We didn't have many problems with planning, no. We live in Central (or Falkirk) region, and if its an agricultural building you don't need to get planning permission. You do need to notify your next door neighbours or landowners to give them a chance to object. And you need to do an agricultural notification to the planning dept at the council, but you can actually do that after the building is up. We did originally look into a stable type building, but you actually more planning work to get that than just an agricultural shed!

Sorry to hear you've had so many problems, its shocking that there are such differences in planning from area to area.


Beth

little blue

  • Joined Jun 2009
  • Derbyshire
Re: Our Goatshed- warning picture happy!
« Reply #21 on: October 01, 2009, 09:17:07 pm »
my plan for that point is certainly to make cheese with the milk!

I think it's time to read up on how to make goat's cheese and see if I have the space/environment to start learning while here...
 oooh, basic goats cheese looks incredibly simple and fairly fast to make!

I'll vouch for that!!  But be warned, the heating, cooling, curding takes much longer than you think so be prepared for abit of a wait.  Its worth it though, especially with herbs or black pepper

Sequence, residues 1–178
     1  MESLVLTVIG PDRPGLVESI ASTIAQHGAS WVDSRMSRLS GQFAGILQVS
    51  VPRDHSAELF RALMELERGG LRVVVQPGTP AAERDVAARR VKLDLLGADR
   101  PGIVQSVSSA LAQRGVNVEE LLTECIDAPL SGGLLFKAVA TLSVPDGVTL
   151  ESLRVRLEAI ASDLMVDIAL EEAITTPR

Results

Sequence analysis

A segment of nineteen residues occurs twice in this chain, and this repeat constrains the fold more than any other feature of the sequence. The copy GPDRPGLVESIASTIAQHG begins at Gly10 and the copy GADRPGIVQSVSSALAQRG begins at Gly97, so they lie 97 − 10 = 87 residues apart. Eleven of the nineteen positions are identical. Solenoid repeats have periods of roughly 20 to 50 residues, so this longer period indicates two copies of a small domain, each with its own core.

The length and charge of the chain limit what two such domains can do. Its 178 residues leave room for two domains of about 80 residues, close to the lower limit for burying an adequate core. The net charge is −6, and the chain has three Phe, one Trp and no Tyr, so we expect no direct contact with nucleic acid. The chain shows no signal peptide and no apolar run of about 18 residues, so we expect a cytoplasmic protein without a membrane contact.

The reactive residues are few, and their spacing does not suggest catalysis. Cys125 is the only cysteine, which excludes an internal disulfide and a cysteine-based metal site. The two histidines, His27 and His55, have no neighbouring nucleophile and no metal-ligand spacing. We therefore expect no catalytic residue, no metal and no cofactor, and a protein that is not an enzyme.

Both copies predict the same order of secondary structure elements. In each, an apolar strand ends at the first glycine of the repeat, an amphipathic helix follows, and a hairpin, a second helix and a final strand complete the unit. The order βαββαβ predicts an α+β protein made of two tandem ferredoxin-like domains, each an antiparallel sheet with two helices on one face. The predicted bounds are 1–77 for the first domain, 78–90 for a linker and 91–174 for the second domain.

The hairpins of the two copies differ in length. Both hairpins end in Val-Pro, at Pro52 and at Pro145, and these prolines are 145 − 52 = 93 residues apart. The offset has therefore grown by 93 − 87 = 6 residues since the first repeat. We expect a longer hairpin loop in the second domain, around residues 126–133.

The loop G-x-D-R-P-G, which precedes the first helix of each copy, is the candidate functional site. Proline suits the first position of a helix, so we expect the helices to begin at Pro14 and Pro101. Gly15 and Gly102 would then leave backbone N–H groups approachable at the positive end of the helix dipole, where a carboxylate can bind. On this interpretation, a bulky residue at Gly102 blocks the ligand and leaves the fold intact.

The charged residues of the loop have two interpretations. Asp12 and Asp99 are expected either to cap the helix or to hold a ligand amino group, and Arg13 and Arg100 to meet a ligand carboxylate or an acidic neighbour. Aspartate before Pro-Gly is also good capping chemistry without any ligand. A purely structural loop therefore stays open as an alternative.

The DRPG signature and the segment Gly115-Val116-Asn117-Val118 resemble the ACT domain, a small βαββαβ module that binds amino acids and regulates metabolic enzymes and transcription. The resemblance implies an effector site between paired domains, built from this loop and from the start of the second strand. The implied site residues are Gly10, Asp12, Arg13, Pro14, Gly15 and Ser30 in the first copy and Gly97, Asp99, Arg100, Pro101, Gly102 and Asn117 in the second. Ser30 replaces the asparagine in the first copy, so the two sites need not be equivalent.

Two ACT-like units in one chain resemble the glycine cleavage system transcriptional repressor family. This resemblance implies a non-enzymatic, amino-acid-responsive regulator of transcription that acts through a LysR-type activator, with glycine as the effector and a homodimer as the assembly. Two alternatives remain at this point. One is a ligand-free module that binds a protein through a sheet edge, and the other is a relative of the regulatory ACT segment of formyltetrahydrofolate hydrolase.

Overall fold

Little Blue

cmorrell

  • Joined Jan 2009
  • Kirkintilloch, NE of Glasgow
    • Calum Morrell Photography
Re: Our Goatshed- warning picture happy!
« Reply #22 on: October 01, 2009, 09:47:55 pm »
Noted, thank you  :)

clydesdaleclopper

  • Joined Aug 2009
  • Aberdeenshire
Re: Our Goatshed- warning picture happy!
« Reply #23 on: October 07, 2009, 10:29:53 pm »
The planning issue is the joy of living in Scotland. In England the permitted development rights for agricultural buildings are limited if you have less than 5 hectares. Up here as long as you have more than 0.4 hectares you are fine - a legacy of crofting I presume.